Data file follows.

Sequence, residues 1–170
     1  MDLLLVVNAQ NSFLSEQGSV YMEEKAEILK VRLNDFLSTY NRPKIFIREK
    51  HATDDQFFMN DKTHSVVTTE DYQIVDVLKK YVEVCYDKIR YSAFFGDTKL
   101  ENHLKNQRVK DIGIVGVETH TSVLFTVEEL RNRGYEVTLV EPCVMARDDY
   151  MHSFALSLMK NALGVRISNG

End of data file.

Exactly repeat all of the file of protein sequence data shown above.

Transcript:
Sequence, residues 1–170
     1  MDLLLVVNAQ NSFLSEQGSV YMEEKAEILK VRLNDFLSTY NRPKIFIREK
    51  HATDDQFFMN DKTHSVVTTE DYQIVDVLKK YVEVCYDKIR YSAFFGDTKL
   101  ENHLKNQRVK DIGIVGVETH TSVLFTVEEL RNRGYEVTLV EPCVMARDDY
   151  MHSFALSLMK NALGVRISNG